This is the abstract from a conference presentation (presented at the British Educational Research Association Annual Meeting, September 2014). This was a follow-up to the published chapter Casey, Hill and Goodyear (2014) “PE doesn’t stand for physical education, it stands for public embarrassment” Voicing Experiences and Proffering Solutions to Girls’ Disengagement in PE, https://rowman.com/ISBN/9781475808308
Joanne Hill, Ashley Casey and Victoria Goodyear
With a concern around the quality and rigour of change knowledge for girls’ (dis)engagement in physical education (Oliver and Kirk, 2013), teachers and researchers are increasingly concerned with listening to young people’s inputs in working towards relevant and enjoyable learning experiences (Thompson, 2008). Youth voice is usually understood through verbal and/or visual methods and with small groups (Azzarito and Kirk, 2012; O’Sullivan and MacPhail, 2010).
The purpose of this study is to explore how Twitter acts as a virtual space to listen to youth voice and understand the construction of identities.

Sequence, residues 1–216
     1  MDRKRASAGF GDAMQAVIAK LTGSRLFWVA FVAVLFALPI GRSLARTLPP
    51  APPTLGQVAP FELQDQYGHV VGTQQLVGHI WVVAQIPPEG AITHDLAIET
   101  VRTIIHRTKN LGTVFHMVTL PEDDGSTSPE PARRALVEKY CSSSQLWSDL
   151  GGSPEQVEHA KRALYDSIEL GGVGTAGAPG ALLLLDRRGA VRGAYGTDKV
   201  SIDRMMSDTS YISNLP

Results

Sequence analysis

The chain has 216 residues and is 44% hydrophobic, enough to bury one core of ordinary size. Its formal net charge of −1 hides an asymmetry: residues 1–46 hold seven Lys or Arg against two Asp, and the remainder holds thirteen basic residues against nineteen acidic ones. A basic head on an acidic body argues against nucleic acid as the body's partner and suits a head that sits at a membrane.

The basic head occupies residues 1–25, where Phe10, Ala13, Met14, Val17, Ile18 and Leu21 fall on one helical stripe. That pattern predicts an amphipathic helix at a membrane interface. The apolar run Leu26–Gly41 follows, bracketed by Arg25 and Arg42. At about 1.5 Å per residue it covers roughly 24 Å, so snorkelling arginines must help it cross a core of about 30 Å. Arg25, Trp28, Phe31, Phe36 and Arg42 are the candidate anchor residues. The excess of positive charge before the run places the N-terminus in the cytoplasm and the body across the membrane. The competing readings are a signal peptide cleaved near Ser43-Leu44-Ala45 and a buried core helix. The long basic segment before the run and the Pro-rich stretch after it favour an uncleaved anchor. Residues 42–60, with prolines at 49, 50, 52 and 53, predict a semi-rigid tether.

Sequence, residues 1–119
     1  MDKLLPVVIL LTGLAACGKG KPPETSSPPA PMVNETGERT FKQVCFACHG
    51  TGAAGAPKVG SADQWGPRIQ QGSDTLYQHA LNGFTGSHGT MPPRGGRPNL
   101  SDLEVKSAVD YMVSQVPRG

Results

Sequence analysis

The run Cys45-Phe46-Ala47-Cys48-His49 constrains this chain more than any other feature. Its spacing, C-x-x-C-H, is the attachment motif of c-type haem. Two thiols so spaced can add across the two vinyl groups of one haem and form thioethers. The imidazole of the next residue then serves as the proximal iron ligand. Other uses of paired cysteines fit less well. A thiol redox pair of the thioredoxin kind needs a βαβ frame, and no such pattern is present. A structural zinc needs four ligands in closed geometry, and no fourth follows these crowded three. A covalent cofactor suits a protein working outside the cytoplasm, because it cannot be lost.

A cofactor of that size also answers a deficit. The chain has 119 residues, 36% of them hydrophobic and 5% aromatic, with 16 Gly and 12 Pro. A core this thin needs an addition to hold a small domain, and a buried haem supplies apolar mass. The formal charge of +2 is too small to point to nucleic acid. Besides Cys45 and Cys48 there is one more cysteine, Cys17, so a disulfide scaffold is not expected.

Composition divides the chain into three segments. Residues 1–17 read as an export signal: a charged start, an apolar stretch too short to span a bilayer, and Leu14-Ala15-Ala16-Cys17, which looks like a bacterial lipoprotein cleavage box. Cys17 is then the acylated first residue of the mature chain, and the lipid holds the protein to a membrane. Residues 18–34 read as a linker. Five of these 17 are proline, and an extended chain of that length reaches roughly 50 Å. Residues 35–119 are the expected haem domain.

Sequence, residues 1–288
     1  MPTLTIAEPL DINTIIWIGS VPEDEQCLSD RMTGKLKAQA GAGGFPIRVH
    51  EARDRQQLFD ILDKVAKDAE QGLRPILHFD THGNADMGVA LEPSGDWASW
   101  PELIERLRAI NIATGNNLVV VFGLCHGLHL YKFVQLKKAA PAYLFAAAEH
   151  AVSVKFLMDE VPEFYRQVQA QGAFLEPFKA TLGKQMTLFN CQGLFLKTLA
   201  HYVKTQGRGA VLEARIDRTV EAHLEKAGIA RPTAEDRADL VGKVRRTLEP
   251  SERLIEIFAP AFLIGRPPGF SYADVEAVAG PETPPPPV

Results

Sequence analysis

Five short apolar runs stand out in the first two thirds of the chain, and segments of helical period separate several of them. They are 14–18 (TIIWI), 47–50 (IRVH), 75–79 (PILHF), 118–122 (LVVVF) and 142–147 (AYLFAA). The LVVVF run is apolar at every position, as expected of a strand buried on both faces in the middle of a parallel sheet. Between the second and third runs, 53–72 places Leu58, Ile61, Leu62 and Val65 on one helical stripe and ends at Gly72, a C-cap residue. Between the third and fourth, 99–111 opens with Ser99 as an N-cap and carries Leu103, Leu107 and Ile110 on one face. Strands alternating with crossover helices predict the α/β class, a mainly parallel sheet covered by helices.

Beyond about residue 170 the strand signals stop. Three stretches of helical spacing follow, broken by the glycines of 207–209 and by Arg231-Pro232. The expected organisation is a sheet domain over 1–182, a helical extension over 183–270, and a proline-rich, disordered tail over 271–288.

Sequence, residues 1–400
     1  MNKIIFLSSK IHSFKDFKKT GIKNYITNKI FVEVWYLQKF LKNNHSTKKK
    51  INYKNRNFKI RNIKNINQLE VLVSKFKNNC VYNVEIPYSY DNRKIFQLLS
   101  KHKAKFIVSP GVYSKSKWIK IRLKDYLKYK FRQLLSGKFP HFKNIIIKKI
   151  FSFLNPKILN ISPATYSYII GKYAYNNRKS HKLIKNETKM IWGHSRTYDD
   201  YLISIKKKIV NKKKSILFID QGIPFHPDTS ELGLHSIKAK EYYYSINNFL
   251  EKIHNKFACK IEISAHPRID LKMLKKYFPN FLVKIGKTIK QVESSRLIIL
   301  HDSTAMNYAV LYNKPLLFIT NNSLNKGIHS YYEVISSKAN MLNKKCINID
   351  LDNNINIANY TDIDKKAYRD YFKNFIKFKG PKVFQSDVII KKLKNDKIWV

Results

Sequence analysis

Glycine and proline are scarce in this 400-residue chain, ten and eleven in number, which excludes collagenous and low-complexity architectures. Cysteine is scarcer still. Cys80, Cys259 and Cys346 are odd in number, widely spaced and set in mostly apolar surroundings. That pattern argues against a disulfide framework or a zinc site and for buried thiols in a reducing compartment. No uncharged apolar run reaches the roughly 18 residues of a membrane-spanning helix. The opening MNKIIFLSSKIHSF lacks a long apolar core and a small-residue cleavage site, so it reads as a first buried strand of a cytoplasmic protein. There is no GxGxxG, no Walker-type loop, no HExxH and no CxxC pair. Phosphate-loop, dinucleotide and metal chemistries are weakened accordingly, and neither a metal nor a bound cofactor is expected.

Yet with the rapid emergence and global use of social media (Fullan, 2013), sites such as Twitter may offer an alternative way in which to listen to a broad range of youth voices. Indeed, through tweets and retweets youth (and others) can express their voices publicly and in doing so, construct their identities in a virtual space (Abiala and Hernwall, 2013; Marwick and boyd, 2011). Formats including social media have been identified as fruitful sources in digital sociology (Murthy, 2008), although the extent to which Twitter specifically can be used for accessing and understanding youth voice is less known.
Using the application twitonomy, we harvested tweets from girls containing the phrases “I hate PE” and “I love PE”. Analysis occurred through a triad test (Ryan and Bernard, 2003). Each of three researchers independently read the tweets, coded them, and then shared their codes with each other. Subsequently, we created an imaginary blog by a student, representing a collective voice. This blog enabled the voices to be shared without identifying any specific Twitter user.
The initial interpretations from the data were used to continue discussions around ways to enhance student-centred curricula by listening to what girls have to say about PE. By using tweets as the data source, elements of naturally occurring talk between tweeters and their (imagined) audiences could be accessed. Tweeters’ positioning of themselves as students who love or hate PE, contributes to a cyber identity that may or may not reflect how they actually engage in PE / produce an identity as student. We raise questions around the use of Twitter as a source of an authentic voice and consider the ethical dilemmas in using Twitter as a means to understand identity construction.